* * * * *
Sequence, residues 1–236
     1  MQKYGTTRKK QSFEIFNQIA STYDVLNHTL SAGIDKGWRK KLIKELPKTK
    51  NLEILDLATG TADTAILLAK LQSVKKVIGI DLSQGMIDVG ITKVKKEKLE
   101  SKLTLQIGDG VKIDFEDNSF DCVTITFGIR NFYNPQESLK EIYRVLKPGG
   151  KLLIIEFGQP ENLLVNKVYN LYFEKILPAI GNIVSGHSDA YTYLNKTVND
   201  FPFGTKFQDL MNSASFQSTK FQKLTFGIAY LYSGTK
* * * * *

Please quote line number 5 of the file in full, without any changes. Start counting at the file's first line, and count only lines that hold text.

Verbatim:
   151  KLLIIEFGQP ENLLVNKVYN LYFEKILPAI GNIVSGHSDA YTYLNKTVND